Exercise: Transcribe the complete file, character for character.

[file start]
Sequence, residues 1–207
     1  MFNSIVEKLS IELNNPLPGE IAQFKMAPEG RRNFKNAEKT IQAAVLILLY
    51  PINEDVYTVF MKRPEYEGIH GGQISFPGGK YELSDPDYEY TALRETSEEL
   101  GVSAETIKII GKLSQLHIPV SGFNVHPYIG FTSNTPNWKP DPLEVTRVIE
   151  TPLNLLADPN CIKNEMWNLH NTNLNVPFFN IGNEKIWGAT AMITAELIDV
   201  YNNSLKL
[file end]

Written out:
Sequence, residues 1–207
     1  MFNSIVEKLS IELNNPLPGE IAQFKMAPEG RRNFKNAEKT IQAAVLILLY
    51  PINEDVYTVF MKRPEYEGIH GGQISFPGGK YELSDPDYEY TALRETSEEL
   101  GVSAETIKII GKLSQLHIPV SGFNVHPYIG FTSNTPNWKP DPLEVTRVIE
   151  TPLNLLADPN CIKNEMWNLH NTNLNVPFFN IGNEKIWGAT AMITAELIDV
   201  YNNSLKL